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Abstract: FR-PO158

Zinc Supplementation for 3 Months Increases Serum Levels of C-Terminal FGF-23 in Zinc-Deficient Children with CKD

Session Information

Category: Bone and Mineral Metabolism

  • 402 Bone and Mineral Metabolism: Clinical

Authors

  • Belostotsky, Vladimir, McMaster Children's Hospital, Hamilton, Ontario, Canada
  • Moore, Caroline, Dept of Pediatrics, McMaster University, Hamilton, Ontario, Canada
  • Ma, Julia H., McMaster University, Hamilton, Ontario, Canada
  • Arora, Steven, McMaster Children's Hospital, Hamilton, Ontario, Canada
  • Atkinson, Stephanie A., McMaster University, Hamilton, Ontario, Canada
  • Filler, Guido, London Health Sciences Centre, London, Ontario, Canada
Background

Chronic Kidney Disease (CKD) has been associated with increased fibroblast growth factor 23 (FGF23), decreased Klotho concentrations and subclinical zinc (Zn) deficiency (Fukushima 2019). FGF23 promotes phosphate clearance but is dependent on Klotho expression by tubular cells. In animal models Zn supplementation stimulates Klotho production (Morishita 2001) and reduces vascular calcification, frequently seen in CKD (Voelkl 2018). This study investigated whether 3 months of Zn therapy corrects the deficiency in CKD and leads to changes in circulating FGF23 and Klotho concentrations.

Methods

Children with primary CKD and CKD secondary to declining function of kidney transplant from two tertiary pediatric nephrology centers in Southern Ontario, Canada were screened for Zn deficiency (plasma Zn < 11.5 μmol/L). Deficient children were treated with Zn citrate tablets (10 mg Zn/day for age 4-8 yr and 20 mg/day for age 9-18 yr) for 3 months. Plasma Zn was measured at baseline and 3 months by High Resolution Magnetic Sector Inductively Coupled Plasma Mass Spectrometry. Serum c-terminal FGF23 (cFGF23, Biomedica) and human soluble alpha-Klotho (TECO medical) were measured by ELISA, serum 25-hydroxyvitamin D (25-OHD) by LC/MS-MS (Waters). Paired t-tests and Wilcoxon tests were performed for normally and non-normally-distributed data, respectively. Children taking calcitriol were excluded from the final analysis due to its significant impact on FGF23 and Klotho metabolism.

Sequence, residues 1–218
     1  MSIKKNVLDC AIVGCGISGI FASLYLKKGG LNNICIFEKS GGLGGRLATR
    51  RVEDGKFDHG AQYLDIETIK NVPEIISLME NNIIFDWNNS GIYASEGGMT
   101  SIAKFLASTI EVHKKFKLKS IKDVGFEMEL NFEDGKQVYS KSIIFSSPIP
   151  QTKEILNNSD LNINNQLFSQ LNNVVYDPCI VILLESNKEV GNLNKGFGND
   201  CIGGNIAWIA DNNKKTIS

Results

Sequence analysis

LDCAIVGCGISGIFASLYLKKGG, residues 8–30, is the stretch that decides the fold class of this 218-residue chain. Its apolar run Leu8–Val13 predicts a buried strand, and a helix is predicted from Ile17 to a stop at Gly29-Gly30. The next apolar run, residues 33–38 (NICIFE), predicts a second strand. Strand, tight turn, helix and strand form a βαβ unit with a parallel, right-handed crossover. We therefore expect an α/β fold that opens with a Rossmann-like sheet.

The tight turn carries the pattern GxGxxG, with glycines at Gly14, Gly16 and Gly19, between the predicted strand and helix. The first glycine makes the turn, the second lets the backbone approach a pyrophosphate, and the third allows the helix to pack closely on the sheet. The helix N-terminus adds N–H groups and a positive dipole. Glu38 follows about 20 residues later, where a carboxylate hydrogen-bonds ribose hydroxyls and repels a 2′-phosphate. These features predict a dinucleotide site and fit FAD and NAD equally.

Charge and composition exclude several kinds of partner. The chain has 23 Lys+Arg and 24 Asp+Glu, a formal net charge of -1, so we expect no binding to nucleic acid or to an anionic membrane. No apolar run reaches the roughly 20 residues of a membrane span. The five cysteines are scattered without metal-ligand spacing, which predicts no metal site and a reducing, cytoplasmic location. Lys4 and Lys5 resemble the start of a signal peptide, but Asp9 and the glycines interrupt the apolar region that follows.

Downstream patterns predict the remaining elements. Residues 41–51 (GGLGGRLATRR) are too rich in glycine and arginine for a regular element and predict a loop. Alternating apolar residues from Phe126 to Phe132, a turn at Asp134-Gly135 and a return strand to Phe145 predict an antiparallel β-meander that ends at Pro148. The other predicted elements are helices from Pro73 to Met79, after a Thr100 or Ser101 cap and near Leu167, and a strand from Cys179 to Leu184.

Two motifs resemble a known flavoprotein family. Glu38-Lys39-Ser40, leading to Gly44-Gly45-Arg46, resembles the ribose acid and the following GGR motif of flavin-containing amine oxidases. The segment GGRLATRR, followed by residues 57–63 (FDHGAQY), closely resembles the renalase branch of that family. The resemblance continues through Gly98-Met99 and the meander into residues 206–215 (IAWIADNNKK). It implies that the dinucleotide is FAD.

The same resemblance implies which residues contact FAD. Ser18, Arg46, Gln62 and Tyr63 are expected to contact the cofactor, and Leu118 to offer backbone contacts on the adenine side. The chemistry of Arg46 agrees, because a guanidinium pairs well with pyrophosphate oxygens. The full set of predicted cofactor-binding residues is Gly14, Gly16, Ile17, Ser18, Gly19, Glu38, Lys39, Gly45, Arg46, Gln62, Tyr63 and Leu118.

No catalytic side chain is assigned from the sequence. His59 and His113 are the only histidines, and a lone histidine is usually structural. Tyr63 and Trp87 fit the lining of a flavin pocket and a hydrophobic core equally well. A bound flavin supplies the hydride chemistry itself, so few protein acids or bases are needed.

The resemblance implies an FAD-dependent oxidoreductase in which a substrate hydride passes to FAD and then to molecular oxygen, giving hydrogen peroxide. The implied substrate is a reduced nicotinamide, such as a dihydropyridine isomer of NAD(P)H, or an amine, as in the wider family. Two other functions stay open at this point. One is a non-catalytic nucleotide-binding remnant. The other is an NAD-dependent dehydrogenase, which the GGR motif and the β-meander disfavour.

Results

Table 1

Conclusion

In most patients we observed changes toward normal levels of Zn following three months of Zn supplementation in Zn deficient children with CKD (p=0.028). The concentration of cFGF23 also increased (p=0.008) while no change was observed in the level of Klotho. 25-OHD levels remained stable and did not affect the results. Either higher Zn doses or longer treatment may be needed before changes in Klotho might be seen.

Table 1 - Results
Biomarker,
mean ± SD or
median (25th – 75th percentiles)
 No treatment (zinc sufficient)
N=14
  Zinc citrate treatment
N=11
 
 Baseline3 monthsp-valueBaseline3 monthsp-value
Zn μmol/L12.6 (12.3-13.2)11.9 (11.1-12.6)0.19610.3 (9.8-10.9)11.8 (10.8-13.2)0.028
cFGF23 (pmol/L)1.2 (0.8-2.6)2.1 (1.3-3.0)0.3202.2 ± 1.63.4 ± 2.70.008
Klotho (pg/mL)1012 (646-1719)713 (594-1678)0.542826 ± 445812 ± 5020.370
25-OHD (nmol/L)73.7 ± 22.770.4 ± 18.70.52261.1 (55.9-74.2)67.5 (63.8-76.1)0.426

Funding

  • Other NIH Support